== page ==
Synopses & Reviews
Kim Hughes was one of the most majestic and daring batsmen to play for Australia in the last 40 years. Golden curled and boyishly handsome, his rise and fall as captain and player is unparalleled in our cricketing history. He played at least three innings that count as all-time classics, but it's his tearful resignation from the captaincy that is remembered. Insecure but arrogant, abrasive but charmingin Hughes' character were the seeds of his own destruction. Yet was Hughes' fall partly due to those around him, men who are themselves legends in Australia's cricketing history? Lillee, Marsh, the Chappellsall had their agendas, all were unhappy with his selection and performance as captainevidenced by Dennis Lillee's tendency to aim bouncers relentlessly at Hughes' head during net practice. Hughes' arrival on the Test scene coincided with the most turbulent time Australian cricket has ever seenfirst Kerry Packer's World Series Cricket, then the rebel tours to South Africa. Both had dramatic effects on Hughes' career. As he traces the high points and the low, Chris Ryan sheds new and fascinating light on the cricketand the cricketersof the times.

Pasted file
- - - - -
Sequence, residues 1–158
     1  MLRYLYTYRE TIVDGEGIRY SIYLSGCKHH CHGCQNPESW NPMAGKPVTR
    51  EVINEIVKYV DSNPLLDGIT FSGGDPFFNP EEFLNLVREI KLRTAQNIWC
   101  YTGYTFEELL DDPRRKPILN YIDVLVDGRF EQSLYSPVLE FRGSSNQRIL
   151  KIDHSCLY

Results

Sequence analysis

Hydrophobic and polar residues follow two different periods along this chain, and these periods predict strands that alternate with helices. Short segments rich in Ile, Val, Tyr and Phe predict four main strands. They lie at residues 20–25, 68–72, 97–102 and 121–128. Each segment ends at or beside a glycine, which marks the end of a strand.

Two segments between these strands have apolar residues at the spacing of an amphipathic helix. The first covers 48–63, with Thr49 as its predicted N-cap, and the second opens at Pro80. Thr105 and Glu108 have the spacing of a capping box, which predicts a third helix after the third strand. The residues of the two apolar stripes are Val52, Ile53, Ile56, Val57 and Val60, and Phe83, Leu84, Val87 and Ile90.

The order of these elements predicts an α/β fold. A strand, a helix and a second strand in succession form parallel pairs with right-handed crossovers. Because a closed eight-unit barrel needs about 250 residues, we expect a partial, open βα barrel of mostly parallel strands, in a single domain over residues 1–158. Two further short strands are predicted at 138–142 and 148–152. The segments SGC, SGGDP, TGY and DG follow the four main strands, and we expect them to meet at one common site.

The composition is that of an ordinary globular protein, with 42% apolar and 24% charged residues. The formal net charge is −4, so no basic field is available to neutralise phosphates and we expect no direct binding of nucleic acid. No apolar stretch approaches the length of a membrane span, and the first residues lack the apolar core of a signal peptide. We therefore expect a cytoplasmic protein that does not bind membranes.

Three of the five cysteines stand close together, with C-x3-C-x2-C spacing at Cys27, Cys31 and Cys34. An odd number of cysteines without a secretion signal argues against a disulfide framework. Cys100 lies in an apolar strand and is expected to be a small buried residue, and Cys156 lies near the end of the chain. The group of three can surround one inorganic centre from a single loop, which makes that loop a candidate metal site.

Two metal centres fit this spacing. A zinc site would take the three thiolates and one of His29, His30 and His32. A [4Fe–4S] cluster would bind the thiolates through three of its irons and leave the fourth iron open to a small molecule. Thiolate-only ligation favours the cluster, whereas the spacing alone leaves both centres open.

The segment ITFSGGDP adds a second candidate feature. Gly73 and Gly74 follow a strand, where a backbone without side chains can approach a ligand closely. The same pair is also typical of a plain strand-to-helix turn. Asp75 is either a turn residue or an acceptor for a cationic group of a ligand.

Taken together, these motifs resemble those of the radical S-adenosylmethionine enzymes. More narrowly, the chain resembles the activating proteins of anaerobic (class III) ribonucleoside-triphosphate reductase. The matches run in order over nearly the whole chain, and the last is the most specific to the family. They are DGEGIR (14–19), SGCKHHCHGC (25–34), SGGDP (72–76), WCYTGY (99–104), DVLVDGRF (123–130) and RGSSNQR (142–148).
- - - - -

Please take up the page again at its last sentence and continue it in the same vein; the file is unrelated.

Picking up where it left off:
About the Author
Christian Ryan was the founding editor of the national current affairs magazine the Monthly. He has edited Inside Edge magazine, Wisden Cricketers' Almanack Australia, and was the deputy editor of Wisden Cricket Monthly. He has also worked as a journalist for the Guardian.